(approx 16 spears per 1 lb bundle)
I - Choice
Spears are 6-10mm thick
(approx 30 spears per 1 lb bundle)
Spears will be any thickness
We also do a kitchen grade of witch consists of asparagus of all sizes but don't meet the class 1 quality at the bud. This is mostly used for making soup as it is all pureed together and the flavour is all that is needed.
Asparagus is a
native to central and southern
Europe, northern Africa and western and central Asia. It is a member of
the lily family, which includes plants such as onion, garlic, leeks,
turnips, lilies and gladioli.
Wild asparagus was loved by the ancient Greeks but it was the Romans who first cultivated it. Asparagus, (Asparagus officinalis), comes from the Greek word asparagos, which first appears in English print around 1000 A.D. It cannot be definitively tracked to any one specific area of origin, although it is known to be native to the eastern Mediterranean and Asia Minor areas.
As early as 200 BC, Cato gave excellent growing instructions for asparagus. The ancient Egyptians cultivated it, and Romans, from Pliny to Julius Caesar to Augustus, prized the wild variety.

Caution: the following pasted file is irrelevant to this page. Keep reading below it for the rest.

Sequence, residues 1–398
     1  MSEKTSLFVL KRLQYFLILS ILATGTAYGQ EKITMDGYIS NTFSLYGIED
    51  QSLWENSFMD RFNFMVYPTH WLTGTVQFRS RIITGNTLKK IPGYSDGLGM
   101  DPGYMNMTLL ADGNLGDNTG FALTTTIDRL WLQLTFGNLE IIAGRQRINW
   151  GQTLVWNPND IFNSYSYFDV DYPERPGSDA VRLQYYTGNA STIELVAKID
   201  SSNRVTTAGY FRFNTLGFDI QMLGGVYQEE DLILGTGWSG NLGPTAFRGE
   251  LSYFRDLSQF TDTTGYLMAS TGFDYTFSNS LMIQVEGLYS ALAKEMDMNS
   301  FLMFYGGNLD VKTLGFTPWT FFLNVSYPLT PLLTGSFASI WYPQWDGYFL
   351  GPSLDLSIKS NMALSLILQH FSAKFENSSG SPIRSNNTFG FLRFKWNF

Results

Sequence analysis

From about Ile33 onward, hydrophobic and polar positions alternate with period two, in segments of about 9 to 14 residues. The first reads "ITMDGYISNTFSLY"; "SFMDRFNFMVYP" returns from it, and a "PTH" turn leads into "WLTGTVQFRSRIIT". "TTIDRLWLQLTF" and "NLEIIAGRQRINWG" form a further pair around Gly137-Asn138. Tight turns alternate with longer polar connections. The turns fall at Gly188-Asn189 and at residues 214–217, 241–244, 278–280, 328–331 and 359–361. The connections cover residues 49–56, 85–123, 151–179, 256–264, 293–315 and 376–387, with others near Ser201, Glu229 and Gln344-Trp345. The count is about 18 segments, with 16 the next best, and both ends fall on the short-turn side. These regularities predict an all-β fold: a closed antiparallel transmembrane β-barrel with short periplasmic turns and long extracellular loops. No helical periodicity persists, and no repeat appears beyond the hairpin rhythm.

The Emperor Augustus coined the phrase 'velocius quam asparagi conquantur', meaning to do something faster than you can cook asparagus. Julius Caesar first ate it in Lombardy and wanted it served with melted butter. And in the time of King Louis XIV asparagus was dubbed 'The King of Vegetables'.
Herbalist John Girard mentioned wild asparagus in the 16th century, and it is mentioned as far back as the 17th century in French cookbooks.
The asparagus growing beds in Northern Italy were famous during the Renaissance period. These graceful spears have always been a sign of elegance, and in times past, were a delicacy only the wealthy could afford. Roman emperors were so fond of asparagus, that they kept a special asparagus fleet for the purpose of fetching it.
Early American Indians dried asparagus for use later or to make medicine. In the dry, arid lands it is especially useful as a natural diuretic or for bladder and kidney problems. It contains a factor in preventing small capillary blood vessels from rupturing and was used for heart problems. A wholesome vegetable drink can be made from the cooled cooking water of asparagus as long as it is not salted too heavily.